Whole Grains: Opt for whole grains as they provide essential fiber, which can help lower cholesterol levels and reduce the risk of heart disease.
Healthy Fats: Incorporate sources of healthy fats like avocados, nuts, seeds, and fatty fish (such as salmon and mackerel). Omega-3 fatty acids found in these foods can help reduce inflammation and support heart health.
Limit Salt and Sugar: Reduce your intake of high-sodium and sugary foods. Excessive salt can elevate blood pressure, while added sugars contribute to weight gain and increase the risk of heart disease.
Regular Physical Activity
Exercise is a powerful tool for strengthening your heart. Aim for at least 150 minutes of moderate-intensity aerobic activity or 75 minutes of vigorous-intensity aerobic activity per week. This can include activities such as brisk walking, jogging, swimming, or cycling. Exercise helps:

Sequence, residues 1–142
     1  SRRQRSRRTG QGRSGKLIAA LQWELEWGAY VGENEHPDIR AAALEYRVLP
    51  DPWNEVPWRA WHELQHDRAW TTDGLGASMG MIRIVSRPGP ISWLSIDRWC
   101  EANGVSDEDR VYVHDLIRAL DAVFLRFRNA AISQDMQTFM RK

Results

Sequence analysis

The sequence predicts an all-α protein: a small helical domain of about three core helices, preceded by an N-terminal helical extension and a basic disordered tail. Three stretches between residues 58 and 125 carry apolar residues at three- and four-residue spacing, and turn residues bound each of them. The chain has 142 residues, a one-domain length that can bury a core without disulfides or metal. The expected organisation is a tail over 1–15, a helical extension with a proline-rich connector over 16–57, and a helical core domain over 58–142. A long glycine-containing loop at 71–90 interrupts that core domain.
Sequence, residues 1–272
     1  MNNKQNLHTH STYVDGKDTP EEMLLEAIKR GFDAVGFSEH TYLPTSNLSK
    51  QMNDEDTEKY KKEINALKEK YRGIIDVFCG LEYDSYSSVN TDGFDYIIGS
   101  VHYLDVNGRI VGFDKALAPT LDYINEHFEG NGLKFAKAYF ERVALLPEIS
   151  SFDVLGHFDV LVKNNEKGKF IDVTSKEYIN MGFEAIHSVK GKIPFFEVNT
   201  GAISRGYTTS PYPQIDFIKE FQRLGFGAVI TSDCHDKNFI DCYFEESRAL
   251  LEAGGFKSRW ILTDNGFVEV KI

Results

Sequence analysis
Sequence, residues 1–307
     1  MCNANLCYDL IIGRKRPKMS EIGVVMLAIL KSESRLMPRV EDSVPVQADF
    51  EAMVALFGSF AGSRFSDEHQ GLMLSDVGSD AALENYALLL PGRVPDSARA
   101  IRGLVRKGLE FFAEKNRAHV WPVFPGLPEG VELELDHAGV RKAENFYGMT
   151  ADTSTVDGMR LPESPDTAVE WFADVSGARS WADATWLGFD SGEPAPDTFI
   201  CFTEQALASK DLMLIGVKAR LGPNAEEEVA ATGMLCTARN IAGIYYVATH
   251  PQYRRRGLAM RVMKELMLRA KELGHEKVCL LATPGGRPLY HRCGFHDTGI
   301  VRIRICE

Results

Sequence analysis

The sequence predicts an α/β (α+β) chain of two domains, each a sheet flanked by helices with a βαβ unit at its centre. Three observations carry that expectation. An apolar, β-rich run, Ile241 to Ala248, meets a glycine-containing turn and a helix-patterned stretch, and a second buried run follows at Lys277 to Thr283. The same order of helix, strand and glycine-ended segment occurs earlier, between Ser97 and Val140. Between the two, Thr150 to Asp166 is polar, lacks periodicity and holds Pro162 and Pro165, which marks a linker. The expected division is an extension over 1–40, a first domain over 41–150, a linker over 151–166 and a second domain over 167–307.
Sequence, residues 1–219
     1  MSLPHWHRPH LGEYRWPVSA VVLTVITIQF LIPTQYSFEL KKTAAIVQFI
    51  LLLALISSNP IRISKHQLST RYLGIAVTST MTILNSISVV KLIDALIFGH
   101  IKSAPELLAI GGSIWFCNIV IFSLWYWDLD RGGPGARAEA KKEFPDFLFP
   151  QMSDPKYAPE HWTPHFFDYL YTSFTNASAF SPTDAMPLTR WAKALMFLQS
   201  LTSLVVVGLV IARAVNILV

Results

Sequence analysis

Lower Blood Pressure: Regular physical activity can help reduce high blood pressure, a significant risk factor for heart disease.
Improve Cholesterol Levels: Exercise increases “good” HDL cholesterol and lowers “bad” LDL cholesterol, promoting better heart health.
Manage Weight: Maintaining a healthy weight is crucial for heart health, and exercise plays a pivotal role in achieving and sustaining it.
Schedule an Appointment with a Clinical Dietitian
A clinical dietitian or a cardiologist nutritionist can assess your current dietary habits, provide personalized recommendations to reduce risk factors like high cholesterol or blood pressure, and create a sustainable meal plan.
This proactive approach can significantly contribute to a healthier heart, reducing the risk of heart diseases and enhancing overall well-being.
Chronic stress can take a toll on your heart. High stress levels can contribute to hypertension and increase the risk of heart disease. A 2021 study found that high stress was associated with an increased risk of cardiovascular disease, heart attack, and stroke, even after adjusting for other risk factors such as age, sex, education, smoking, physical activity, and diet. (source)